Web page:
The broad mass of journalists — without distinction between “fake” and “genuine” — were fired on from within their own ranks last Thursday by New Times columnist Jill Stewart, who charged them on the KPCC-FM program Air Talk with having “caused the entire problem.” News personnel “put themselves between police and protesters” and so “became the story — which, as far as I’m concerned, is incredibly unethical,” Stewart declared. In one on-air illustration, she cited a CNN newscaster‘s emotional description of a female colleague being hit in the ribs with a billy club. “What a wimp,” Stewart chuckled. “I’m so ashamed for my colleagues this week,” the columnist concluded.


A confrontation on August 16 at Olympic Boulevard and Figueroa Street, Stewart later told the Weekly, was media-instigated. Though she relies in part on notes from an unnamed “observer,” Stewart asserts that as police attempted to keep a 50-foot area clear to separate two groups of protesters, the media surged forward toward police lines and the crowd followed. “They became the crowd that was out of control,” she maintains. “They act[ed] like unprofessional goons.”

Although Stewart is a member of the L.A. Press Club board of directors, her viewpoint is not widely shared on the board. Press Club president Mary Moore, who described police actions during convention week as “disturbing,” counters that “I didn‘t see any journalists out there making news — I saw a lot of them trying to figure out how to cover the story. Many times it was hard to know where to stand.” Moore, a Daily Breeze reporter, says that later Monday night she was on a sidewalk blocks west of the confrontation flash point when a motorcycle officer drove his bike up onto the sidewalk, yelling, “You don’t belong here.”

The club has invited Chief Bernard Parks and LAPD Commander David Kalish to appear at a Press Club “town hall” meeting to air differences in police and media perspectives. Moore and a colleague met with Kalish before convention week, she says, and “He assured us officers would be trained . . . and would be able to recognize credentials” and deal with press appropriately. The club may consider filing an amicus brief with the ACLU lawsuit, Moore says; one portion of the complaint demands that LAPD devise guidelines that would protect news coverage of demonstrations.

As the city‘s oldest and most influential media institution, the Los Angeles Times might have been heard by city powers had it made its position on LAPD tactics clear — or its readers might have weighed in had the daily made police actions clearer to them. But the paper’s coverage of the street scene, several younger reporters told City Editor Bill Boyarsky, wasn‘t making police behavior clear. Boyarsky agrees there was a difference of opinion: To this veteran of decades of demonstrations and riots, the salient fact was that “At the end of the day, no one was seriously hurt.” While he questioned the LAPD decision to use clubs and rubber bullets, he expressed no particular concern about their use on reporters or about interference with newsgathering. “I think it’s just as serious when you club a non-reporter,” he told the Weekly. “This is just my personal opinion,” he said. “I‘m not speaking for the Times.”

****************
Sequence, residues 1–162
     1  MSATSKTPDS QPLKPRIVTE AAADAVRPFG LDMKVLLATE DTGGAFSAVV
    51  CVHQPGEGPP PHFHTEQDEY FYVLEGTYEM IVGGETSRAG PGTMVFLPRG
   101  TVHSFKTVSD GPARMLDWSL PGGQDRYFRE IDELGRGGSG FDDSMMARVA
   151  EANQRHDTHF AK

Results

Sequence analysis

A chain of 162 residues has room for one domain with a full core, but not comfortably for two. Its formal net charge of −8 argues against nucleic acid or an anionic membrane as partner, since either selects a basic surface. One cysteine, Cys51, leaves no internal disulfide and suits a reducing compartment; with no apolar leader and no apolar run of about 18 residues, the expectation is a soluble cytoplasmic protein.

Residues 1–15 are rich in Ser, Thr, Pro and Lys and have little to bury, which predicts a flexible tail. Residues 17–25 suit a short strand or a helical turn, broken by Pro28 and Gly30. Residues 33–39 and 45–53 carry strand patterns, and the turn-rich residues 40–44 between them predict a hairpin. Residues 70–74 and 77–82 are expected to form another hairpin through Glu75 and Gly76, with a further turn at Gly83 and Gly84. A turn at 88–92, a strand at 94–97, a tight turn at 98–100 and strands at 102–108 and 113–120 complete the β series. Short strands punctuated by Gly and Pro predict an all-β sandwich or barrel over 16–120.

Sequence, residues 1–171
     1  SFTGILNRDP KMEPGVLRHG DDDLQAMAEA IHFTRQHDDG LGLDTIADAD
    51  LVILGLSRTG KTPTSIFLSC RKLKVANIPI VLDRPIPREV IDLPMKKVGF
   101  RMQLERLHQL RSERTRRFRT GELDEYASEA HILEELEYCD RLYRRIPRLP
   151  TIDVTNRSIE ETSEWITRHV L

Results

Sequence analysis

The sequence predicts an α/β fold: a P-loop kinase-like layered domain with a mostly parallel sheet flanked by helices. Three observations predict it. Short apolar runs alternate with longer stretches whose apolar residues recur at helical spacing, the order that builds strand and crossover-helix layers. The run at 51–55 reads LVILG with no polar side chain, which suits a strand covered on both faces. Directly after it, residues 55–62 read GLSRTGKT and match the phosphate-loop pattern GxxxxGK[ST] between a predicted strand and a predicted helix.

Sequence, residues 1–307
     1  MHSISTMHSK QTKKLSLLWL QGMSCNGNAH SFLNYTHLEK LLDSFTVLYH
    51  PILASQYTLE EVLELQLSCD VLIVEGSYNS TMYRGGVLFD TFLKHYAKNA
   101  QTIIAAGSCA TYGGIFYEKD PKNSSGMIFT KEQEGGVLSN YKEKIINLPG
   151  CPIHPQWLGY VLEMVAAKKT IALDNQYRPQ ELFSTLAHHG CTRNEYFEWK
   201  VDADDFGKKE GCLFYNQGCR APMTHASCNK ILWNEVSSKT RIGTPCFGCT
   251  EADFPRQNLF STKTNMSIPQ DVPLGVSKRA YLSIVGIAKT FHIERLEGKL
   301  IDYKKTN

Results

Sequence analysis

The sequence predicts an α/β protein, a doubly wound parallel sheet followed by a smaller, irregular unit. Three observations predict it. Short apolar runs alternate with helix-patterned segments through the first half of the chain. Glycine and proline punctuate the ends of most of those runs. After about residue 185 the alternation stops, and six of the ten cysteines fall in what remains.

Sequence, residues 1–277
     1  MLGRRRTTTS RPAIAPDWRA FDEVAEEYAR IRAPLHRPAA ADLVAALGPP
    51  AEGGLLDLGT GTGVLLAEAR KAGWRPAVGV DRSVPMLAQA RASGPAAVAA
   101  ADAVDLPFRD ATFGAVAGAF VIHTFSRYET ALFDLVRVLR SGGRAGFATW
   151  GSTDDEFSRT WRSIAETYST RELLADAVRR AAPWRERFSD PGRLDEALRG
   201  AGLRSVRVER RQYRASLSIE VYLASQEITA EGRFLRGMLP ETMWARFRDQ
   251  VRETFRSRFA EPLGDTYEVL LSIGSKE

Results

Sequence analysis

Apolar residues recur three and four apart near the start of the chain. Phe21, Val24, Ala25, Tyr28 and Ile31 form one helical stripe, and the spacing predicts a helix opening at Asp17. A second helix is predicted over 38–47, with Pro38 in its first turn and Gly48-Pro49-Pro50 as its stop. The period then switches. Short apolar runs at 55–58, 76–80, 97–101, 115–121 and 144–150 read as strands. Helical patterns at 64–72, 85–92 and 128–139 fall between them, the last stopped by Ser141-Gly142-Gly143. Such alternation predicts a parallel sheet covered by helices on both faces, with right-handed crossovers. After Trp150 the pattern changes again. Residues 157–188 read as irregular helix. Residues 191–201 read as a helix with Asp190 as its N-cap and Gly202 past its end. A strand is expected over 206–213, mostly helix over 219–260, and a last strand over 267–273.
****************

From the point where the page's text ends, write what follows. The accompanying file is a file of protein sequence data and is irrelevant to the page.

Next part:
On the other hand, Deputy Managing Editor Leo Wolinsky, in overall charge of convention-week coverage, declined to pass judgment on police tactics: “From one side, what’s wrong? There was no riot, no serious injury. On the other hand, was it necessary at all?” Wolinsky sees no reason to believe the press was singled out, but if there was an “intent to scare us away . . . it wouldn‘t stop us. We could use more protective clothing, bulletproof vests, hard hats.”

If the voice of today’s Times appears indistinct or garbled, yesterday‘s Times leaders had less trouble sorting things out. “Rubber bullets are not an innocuous form of crowd control — they’ve killed people occasionally and put out people‘s eyes,” said USC journalism professor Bryce Nelson, who worked at the Times from 1975 to 1977, first as Chicago bureau chief and then as Washington correspondent. “It certainly has a chilling effect . . . [Coverage ability] is also chilled by the failure of conventional media to tell that story. I don’t think the Times or the TV stations were particularly eager to judge the police.”

“The Times made a conscious decision, which I don‘t understand, not to cover this story very much,” agrees Ed Guthman, its national editor from 1965–77, who is also at USC’s School of Journalism. But the ill effects of police overreaction, Guthman says, may be negligible. “We had three Times reporters jailed in Chicago [at the 1968 Democratic Convention],” he recalls. “It sure didn‘t keep them from doing their job and becoming great reporters.”